Daphna 35:32

agree with you. I don't I don't know what to make of, I don't know what to make of the data. But it's just interesting. So I was especially curious to see what the cons data with would look like break is where I was, you know, hope hopeful that we can, we can get at maybe a cons that we can, you know, get into this is a contaminant and not a true infection, but it was equivalent, getting them from peripheral. And from the central line. I thought that was interesting. So,

Ben 36:04

yeah, I think the big question to me is, we're very worried about accessing the central catheters, but then, but then you look at this, and you're like, there's 17% of kids who only grew from the catheter. So, if those kids never had the catheter cultured, then you would get how would you know? Right? You wouldn't you would not know. Exactly right. And that's very scary. Because on the one hand, for the people, I don't know how it is outside the US, but in the in the US, a club Z, or a central line associated bloodstream infection is a disaster. Like, there's all these root cause. And it's like, it's a big, big deal. So so so it's, it's not something you

Daphna 36:45

know, when what I was gonna say, one thing we don't know, from the data is right, those are positive cultures. But I mean, some people feel like they're, they're not. Some of these, some of these catheter associated may not be true infections. These are babies who got cultures, presumably because they were unwell. And maybe you got something positive. So it's hard. It's hard to ignore. Right. But that's, that's the argument and some other data is that that

Ben 37:14

you could, you could argue that defining a contamination as as cons requiring less than five days of treatment could be restricted. There's other weird bugs. I mean, I've had bugs that grow from the library, like there's no way this is a real infection. This is like some very, and then even the lab will be like, yeah, that's, that's, that's a contamination. So you're right. You're right. But I think this is interesting. Seven, that what I took away from this is, if you culture the site versus not you remember 67% 16 and 16. That's interesting data that keep in mind.

Daphna 37:45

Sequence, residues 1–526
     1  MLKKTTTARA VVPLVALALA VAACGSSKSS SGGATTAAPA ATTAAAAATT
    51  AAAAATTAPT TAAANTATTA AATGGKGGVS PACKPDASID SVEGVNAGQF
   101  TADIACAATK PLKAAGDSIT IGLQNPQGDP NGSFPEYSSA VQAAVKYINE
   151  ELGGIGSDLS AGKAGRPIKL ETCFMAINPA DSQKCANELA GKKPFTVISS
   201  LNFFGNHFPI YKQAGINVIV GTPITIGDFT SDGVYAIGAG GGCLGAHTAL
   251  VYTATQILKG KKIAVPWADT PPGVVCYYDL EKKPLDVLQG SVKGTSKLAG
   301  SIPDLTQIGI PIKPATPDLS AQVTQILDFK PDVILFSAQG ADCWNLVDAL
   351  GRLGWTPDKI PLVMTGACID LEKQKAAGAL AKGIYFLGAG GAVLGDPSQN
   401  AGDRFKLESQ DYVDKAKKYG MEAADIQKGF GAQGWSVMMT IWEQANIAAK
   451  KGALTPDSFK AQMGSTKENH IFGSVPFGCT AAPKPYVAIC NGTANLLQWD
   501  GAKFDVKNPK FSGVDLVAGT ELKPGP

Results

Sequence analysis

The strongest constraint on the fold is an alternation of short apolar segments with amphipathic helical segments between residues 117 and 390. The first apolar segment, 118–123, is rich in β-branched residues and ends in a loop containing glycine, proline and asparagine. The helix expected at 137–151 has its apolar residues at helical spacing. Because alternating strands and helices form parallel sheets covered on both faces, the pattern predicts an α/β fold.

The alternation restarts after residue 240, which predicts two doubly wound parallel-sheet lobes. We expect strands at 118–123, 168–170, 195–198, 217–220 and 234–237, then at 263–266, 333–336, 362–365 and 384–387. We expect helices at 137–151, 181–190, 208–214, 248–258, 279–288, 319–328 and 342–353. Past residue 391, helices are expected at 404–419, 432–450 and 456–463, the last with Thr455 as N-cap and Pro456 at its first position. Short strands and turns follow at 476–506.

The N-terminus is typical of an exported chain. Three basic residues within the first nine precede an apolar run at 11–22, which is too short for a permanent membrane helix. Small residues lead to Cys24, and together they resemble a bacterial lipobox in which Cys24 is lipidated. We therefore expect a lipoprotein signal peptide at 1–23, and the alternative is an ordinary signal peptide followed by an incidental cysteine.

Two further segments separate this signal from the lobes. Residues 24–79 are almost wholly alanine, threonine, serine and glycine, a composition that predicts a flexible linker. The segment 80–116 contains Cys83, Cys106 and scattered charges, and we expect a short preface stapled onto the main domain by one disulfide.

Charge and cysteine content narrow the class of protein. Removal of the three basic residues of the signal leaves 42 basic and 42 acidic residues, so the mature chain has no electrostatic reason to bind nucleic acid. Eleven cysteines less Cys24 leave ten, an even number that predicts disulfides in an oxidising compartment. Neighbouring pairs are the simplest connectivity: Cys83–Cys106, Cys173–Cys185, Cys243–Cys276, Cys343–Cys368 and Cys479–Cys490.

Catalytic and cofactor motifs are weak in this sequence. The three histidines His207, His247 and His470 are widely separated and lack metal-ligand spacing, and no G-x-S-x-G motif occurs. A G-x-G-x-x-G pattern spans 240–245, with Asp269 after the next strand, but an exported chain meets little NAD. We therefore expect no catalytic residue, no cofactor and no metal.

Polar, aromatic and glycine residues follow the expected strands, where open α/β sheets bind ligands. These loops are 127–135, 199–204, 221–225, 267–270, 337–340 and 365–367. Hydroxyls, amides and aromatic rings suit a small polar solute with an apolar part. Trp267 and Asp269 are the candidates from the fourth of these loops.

Yeah, totally agree. Okay, more infectious disease today. So this is a paper out of Pediatrics, about the epidemiology of COVID-19. And, and this, they were looking specifically about how has COVID-19 affected neonates. So I left your wheelhouse Yeah. Lead author Joan Devin. Senior Arthur Lewis, who were her mu. Her MUFA. Me I have even practiced that one before. Okay. So the study design, yeah, you know what, wow, we're, we're pretty COVID cautious in my house. I was definitely interested to read this paper. Study Design over 1 million neonatal encounters at 109 us health systems, because they were using the Cerner real world database. So the CR WD is a large if you're not familiar with it is a large fully D identity database collected by Cerner corporation that consists of EHR agnostic data from over 120 US health systems. It consists of clinical data that has demographics, encounters, conditions, labs, and clinical events. And they use the 2021 q3 version, which of note included more than 153 million patients and 1.5 billion encounters across all care settings and ages. So that was not all of that's not all of the sample, but it's all the records they had access to. So a really large database and they were looking at the time period of March 2020 to February 2021, obviously, the kind of height of the pandemic, at least in the States. And then, interestingly, COVID-19, diagnosis was assessed using either the laboratory tests or the diagnosis codes, but not necessarily both. The inclusion criteria they extracted data on neonates aged less than or equal to 28 days at the time of hospital admission, with a positive diagnosis of COPD. Would 19 Between March 1 2020 And February 28 2021. They also looked at cases of vertical transmission of note, they were defined by timing and the tests using descriptions and other studies about the kind of vertical transmission window period, and so they basically use a 12 hour window for neonatal diagnosis. Because a lot of the most of the records were not linked to the maternal records, right, because it's all de identified, so they couldn't confirm maternal COVID-19 status. Okay, so there's a lot of data here, I think it's an interesting thing to read. I am going to focus on the more severe cases, especially since they tend to include a lot of the preemies and babies with congenital anomalies. So COVID-19 was diagnosed in 918, neonates or point 1% of encounters. And of these 71% or 7.7% had what was classified as quote unquote, severe infection and I'll tell you what that is severe illness was classified as cases that met at least two of the following three categories. The first category is any of fever apnea, cough to kip Nia respiratory distress, supplemental oxygen requirement, vomiting or diarrhea. The second category, any of the following a low white blood cell count less than 5000, a low lymphocyte count less than one, sorry. That's correct, or raise CRP greater than five milligrams per liter. And the third category was an abnormal chest X ray, or a diagnosis for pneumonia, which was used as a proxy for abnormal chest X ray. A little bit of about the demographics 55% of neonates with COVID were male. The study population had 36.7% Hispanic or Latinx 27% non Hispanic white, 7.6% non Hispanic, Black or African American 1.7% non Hispanic American Indian or Alaskan native and 1%, non Hispanic, Asian. The most common type of insurance for babies with COVID was Medicaid or other government sponsored insurance 37.4%. More about the time course and median age of admission to the hospital was 11 days for all neonates that range from one to 22 and 15 days, so actually little later for those with severe COVID 19. But it also range from one to 22. The median time to diagnosis was 14.5 days from birth. And I told you there were 918, neonates and a positive laboratory test in the D in the data was documented for for 440. neonates, the remaining cases were identified using diagnosis codes. One neonate was diagnosed with COVID-19 within 12 hours of birth, suggesting possible vertical transmission or perinatal colonization. The most common signs of infection Not surprisingly, were to kip Nia and fever, neonates otherwise, were generally asymptomatic at initial presentation to hospital. But number three,